In 1945, after the war where he served in the U.S. Navy as a photography instructor, the amateur photographer who had spent the Depression bouncing around the marine world needed a mission. He got married and he got himself an old boat. He was in Annapolis, home of the Navy. The name of the old boat was Carib and her cruising ground started in Trinidad and extended north to the Bahamas. For those pioneering years into the early 1950s, this Alden ex-schooner formerly called Malabar rerigged as a ketch was his ride. Then and in its successor, a 58-foot Rhodes design called Caribee, Carleton Mitchell transformed himself into the Pied Piper for Caribbean sailing.
This Caribbean-American Odysseus crisscrossed what he called the West Indies, what we still call the Windwards, the Leewards, the BVI, the Bahamas. He travelled light aboard his boats – no scuba tanks, no paddleboards, and no windsurfers like the floating motor palaces that traverse the Caribbean winters these days. He had clothes, a tripod and a camera, a wife and an eye for the picaresque. He took not just postcard shots, but the photos of a sailing anthropologist, the people and their boats and their weather, from booming cumulus clouds to the endless horizons, the Green Flash. He was not a solo sailor, he had his friends, and then his wife, and more friends. He was a highly social sailor.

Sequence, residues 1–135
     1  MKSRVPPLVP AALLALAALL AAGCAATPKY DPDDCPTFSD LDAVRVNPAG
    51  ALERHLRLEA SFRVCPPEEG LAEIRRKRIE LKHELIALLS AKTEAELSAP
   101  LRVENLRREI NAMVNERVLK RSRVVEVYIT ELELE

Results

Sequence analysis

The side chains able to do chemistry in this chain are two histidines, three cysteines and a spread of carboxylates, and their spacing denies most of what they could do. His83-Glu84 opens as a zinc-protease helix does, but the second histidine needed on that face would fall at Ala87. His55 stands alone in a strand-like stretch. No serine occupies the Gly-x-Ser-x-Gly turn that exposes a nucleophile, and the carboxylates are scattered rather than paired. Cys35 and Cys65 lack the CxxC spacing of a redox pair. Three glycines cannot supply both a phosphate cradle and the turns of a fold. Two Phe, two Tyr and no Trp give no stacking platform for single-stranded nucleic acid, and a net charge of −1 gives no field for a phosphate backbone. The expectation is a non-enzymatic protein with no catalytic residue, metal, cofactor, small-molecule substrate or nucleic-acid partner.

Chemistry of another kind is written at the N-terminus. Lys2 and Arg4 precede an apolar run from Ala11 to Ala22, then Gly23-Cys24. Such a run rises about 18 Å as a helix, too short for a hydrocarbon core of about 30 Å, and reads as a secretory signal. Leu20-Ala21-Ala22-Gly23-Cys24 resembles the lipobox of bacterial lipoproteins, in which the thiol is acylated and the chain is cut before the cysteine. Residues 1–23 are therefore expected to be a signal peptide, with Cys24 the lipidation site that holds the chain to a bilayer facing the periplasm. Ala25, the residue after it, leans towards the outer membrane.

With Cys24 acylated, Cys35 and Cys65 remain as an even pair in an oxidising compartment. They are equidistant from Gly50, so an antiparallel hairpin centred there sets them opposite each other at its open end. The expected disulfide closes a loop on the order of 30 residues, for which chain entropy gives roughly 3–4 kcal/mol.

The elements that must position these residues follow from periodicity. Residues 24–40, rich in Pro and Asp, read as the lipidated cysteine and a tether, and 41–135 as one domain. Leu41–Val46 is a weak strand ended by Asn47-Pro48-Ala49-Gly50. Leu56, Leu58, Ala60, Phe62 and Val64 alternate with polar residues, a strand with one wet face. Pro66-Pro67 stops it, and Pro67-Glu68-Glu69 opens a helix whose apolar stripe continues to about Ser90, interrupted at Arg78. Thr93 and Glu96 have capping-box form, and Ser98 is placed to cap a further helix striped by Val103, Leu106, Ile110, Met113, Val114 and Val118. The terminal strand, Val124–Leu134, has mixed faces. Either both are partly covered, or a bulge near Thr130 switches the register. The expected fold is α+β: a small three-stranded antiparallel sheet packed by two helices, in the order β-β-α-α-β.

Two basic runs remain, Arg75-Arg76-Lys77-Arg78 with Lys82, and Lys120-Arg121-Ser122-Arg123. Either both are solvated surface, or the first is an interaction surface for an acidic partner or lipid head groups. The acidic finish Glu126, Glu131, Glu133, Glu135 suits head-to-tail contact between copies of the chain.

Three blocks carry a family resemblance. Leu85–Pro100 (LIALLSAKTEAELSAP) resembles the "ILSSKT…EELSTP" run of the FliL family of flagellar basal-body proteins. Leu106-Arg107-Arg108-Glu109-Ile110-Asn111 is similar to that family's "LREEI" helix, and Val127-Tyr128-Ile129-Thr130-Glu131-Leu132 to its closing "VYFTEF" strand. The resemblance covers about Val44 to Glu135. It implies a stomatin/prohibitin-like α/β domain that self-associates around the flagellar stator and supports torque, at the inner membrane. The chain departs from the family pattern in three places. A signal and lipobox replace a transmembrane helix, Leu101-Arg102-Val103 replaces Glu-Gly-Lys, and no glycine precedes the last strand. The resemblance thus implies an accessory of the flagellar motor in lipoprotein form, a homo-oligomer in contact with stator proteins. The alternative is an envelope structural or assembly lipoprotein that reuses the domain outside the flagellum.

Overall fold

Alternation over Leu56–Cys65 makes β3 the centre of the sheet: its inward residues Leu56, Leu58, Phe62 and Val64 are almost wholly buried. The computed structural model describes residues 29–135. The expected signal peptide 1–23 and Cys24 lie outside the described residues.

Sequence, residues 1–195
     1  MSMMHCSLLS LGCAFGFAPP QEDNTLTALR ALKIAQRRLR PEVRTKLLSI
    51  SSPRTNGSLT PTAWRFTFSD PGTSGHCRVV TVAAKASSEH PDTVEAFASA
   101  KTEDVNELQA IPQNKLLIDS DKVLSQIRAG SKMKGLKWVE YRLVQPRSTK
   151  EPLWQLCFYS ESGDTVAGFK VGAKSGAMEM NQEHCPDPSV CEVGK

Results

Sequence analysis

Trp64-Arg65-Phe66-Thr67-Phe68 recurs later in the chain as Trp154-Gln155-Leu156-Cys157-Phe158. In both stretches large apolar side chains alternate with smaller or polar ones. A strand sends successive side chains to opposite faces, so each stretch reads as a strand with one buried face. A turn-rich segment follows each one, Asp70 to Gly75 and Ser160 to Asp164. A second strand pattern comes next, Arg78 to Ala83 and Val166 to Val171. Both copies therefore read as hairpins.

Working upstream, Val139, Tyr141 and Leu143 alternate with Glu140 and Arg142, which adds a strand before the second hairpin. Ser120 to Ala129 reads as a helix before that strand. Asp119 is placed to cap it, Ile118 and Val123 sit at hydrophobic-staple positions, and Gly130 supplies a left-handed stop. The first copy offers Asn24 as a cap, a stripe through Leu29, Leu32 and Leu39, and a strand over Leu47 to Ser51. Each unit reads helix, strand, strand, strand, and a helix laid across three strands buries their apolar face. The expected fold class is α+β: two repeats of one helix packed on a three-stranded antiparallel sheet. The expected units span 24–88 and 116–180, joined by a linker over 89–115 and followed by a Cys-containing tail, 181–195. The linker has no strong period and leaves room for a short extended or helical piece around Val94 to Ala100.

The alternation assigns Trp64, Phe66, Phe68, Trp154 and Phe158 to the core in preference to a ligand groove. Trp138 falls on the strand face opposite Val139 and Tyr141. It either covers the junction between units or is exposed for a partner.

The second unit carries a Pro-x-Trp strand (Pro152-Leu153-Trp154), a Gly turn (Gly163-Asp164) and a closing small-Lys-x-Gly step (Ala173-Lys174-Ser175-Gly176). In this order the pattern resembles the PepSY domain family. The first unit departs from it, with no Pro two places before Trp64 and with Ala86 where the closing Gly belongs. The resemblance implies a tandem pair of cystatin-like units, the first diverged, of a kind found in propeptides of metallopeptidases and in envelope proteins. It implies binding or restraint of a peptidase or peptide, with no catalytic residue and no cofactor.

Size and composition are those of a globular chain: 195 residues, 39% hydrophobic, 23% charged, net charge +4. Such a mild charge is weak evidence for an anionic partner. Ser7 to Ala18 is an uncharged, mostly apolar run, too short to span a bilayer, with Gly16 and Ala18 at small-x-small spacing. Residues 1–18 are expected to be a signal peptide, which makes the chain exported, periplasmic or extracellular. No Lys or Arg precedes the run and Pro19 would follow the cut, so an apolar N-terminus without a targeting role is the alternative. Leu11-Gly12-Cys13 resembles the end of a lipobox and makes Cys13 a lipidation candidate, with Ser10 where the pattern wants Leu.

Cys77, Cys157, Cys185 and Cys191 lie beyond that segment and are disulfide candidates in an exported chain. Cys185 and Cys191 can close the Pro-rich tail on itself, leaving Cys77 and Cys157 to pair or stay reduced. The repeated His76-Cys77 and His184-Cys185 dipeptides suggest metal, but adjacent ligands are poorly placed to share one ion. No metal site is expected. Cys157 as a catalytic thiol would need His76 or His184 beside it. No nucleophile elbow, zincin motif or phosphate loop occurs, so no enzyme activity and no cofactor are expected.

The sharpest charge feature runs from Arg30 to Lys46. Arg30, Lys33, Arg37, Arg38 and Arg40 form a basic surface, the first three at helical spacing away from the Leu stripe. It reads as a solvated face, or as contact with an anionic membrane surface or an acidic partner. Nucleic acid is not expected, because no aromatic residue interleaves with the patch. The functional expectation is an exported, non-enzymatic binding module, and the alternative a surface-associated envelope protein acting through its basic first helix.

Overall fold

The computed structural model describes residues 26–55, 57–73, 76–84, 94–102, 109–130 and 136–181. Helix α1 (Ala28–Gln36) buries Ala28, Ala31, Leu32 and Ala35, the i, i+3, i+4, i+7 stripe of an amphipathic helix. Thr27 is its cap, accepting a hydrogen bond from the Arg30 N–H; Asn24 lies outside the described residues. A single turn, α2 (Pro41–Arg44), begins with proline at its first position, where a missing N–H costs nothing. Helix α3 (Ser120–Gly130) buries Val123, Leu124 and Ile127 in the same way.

Carleton was an underappreciated photographer. He had worked during the war in the Naval photo archives. He could pick a nautical image out of a lineup and it would be the right one. Tens of thousands of pictures came from that imagination from 1945 through to the 21st century. For more than 50 years, the yachting world saw his vision of nautical in Yachting, in Sports Illustrated and in his series of books incubated by his postwar exploration of what we still called the West Indies.
Through both his writing and pictures, I grew up on his America’s Cup coverage in Sports Illustrated, in his seven books and his racing success. To me, he was a blue water sailing celebrity, really the first in the postwar era. When you look at his photos, you realize he must have taken inspiration from the WPA photographers on the time, from the 20s – Steichen, from the 30s – Walker Evans, Edward Weston, Ansel Adams. He had been in New York when it was a hotbed of photographic ferment before the war. In the jumbled inventory of 20,250 photos given to Mystic Seaport Museum, there are the tourist shots – no people, just scenery, those placid waters, those billowing tradewind clouds, the native boatyards and watercraft, and the Antillean people themselves, every island a mix from the past of colonialism and migration and native culture.